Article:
NEW YORK - Not long ago, fax machines and e-mail inboxes at Vogue, the world's premier fashion magazine, were briefly assaulted with thousands of angry letters. Not about the latest gorgeously photographed fashion trends or beauty products in its influential pages, but about a single, colorful ad: for Camel No. 9 cigarettes.

"If you draw income from the advertisement of tobacco," Heidi Thompson of Freeport, Ill., wrote in one letter, "you are as guilty as big tobacco companies in selling the health and future of so many of our youth in order to pad your bank accounts."

The letters were part of a grass-roots campaign by an anti-smoking group to get Vogue to drop ads for the new, prettily packaged Camels, which they and others feel are targeted to younger women and teenagers.

But it isn't just Vogue. Pick up nearly any fashion magazine this month - Glamour, Harper's Bazaar, Lucky - and you'll see a colorful cigarette ad mixed in with articles on beauty, fitness, nutrition and glowing skin.

You won't find them in a number of other countries. A European Union law, for example, bans tobacco print ads on grounds they glamorize smoking and promote it among young people.

But in the United States, where TV and radio ads were banned long ago and billboards more recently, print ads are the final frontier in tobacco advertising, aside from store displays and the like. And to anti-smoking groups, their presence, though waning, is especially tasteless in fashion magazines and others aimed at young women - at a time when lung cancer is the leading cause of cancer deaths in women.

"Research out there shows that young people are susceptible to advertising," said Ellen Vargyas, counsel for the American Legacy Foundation, established in the wake of the 1998 settlement between the states and the tobacco industry. "I wish the publications themselves would look hard at what they're doing. Readers look to them to see what's cool, and what's trendy - and they see cigarettes."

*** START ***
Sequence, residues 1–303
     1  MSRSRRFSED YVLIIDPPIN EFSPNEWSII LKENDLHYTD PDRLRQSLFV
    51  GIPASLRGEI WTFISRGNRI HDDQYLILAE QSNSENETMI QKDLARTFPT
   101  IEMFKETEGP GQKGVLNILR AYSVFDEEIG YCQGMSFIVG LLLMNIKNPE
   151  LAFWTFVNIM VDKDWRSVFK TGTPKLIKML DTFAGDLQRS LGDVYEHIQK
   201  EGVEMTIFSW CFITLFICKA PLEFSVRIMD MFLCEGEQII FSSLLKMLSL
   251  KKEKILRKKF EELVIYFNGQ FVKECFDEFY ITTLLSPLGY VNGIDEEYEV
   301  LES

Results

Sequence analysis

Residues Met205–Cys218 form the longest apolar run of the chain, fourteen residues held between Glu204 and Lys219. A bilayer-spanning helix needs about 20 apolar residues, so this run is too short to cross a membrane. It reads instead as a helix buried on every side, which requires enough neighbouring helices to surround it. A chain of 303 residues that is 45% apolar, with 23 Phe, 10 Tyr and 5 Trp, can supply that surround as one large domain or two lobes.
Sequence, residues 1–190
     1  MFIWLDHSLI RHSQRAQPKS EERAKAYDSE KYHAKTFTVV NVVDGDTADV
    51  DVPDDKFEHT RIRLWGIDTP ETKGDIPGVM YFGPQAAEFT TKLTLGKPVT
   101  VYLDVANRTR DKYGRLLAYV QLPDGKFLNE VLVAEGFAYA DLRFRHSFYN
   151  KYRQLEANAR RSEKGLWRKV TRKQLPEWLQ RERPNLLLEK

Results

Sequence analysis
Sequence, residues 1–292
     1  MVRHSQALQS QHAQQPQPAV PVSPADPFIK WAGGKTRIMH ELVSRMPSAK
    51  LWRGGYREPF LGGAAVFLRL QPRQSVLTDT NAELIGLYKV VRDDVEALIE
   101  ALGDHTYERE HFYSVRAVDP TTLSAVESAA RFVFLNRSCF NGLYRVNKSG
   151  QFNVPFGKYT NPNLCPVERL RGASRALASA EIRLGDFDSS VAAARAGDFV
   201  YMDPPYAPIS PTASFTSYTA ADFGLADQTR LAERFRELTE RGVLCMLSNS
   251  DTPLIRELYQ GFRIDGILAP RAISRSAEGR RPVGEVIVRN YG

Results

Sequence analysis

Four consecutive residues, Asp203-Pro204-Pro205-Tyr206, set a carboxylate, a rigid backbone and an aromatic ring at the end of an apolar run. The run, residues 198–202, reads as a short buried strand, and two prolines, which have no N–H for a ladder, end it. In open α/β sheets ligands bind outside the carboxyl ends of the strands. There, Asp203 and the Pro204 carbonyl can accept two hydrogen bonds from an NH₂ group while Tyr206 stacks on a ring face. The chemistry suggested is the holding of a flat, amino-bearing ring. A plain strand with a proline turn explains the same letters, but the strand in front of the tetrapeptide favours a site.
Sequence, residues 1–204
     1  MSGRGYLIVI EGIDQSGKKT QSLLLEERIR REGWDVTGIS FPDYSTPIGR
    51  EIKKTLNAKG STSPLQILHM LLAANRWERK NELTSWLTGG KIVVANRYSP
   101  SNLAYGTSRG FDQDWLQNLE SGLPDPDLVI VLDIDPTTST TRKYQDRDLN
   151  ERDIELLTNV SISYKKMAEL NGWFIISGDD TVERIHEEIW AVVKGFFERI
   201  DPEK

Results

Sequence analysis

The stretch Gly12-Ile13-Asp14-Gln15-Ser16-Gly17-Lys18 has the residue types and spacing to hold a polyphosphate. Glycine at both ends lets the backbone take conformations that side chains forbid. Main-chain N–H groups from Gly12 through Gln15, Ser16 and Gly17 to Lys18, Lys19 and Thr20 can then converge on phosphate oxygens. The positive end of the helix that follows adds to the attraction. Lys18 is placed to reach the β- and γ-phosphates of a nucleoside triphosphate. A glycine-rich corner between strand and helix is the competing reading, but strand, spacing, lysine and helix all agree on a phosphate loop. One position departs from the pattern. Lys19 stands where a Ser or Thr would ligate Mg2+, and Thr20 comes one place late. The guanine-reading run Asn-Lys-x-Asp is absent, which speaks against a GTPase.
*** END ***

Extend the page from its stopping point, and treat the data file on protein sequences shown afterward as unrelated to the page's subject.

Her organization sponsored a major tobacco report issued last week by the Institute of Medicine, a branch of the National Academy of Sciences. The report, which called on Congress and the president to give the Food and Drug Administration power to regulate tobacco, also had a recommendation for print ads: that they be restricted to black-and-white text only - no images.

That would certainly thwart the impact of the Camel No. 9 campaign, whose ads use shiny paper, sophisticated colors like teal and fuschia, and accents of lace to achieve a sense of feminine chic. Those ads have provoked accusations, including from a group of U.S. senators, that R.J. Reynolds Tobacco Co., maker of Camels, is trying to lure teens and younger women to smoke.

The company says it seeks only to sway established adult smokers.

But the ads also aroused anger at the magazines printing the ads. The Campaign for Tobacco-Free Kids says volunteers around the country sent Vogue more than 8,000 protest e-mails or faxes earlier this month. It says it got no response, other than a couple of scribbled notes faxed back on letters that had been addressed to editor Anna Wintour. "Will you stop? You're killing trees!" read one note shown to The AP.

A spokeswoman for Conde Nast Publications, which publishes Vogue, said neither Wintour nor publisher Thomas Florio were available for an interview. "Vogue does carry tobacco advertising. Beyond that we have no further comment," said the spokeswoman, Maurie Perl. She also said no one at Glamour, Lucky or W, also Conde Nast publications, would be available. Editors at Essence magazine, which also carries tobacco ads and is owned by Time Inc., also declined comment.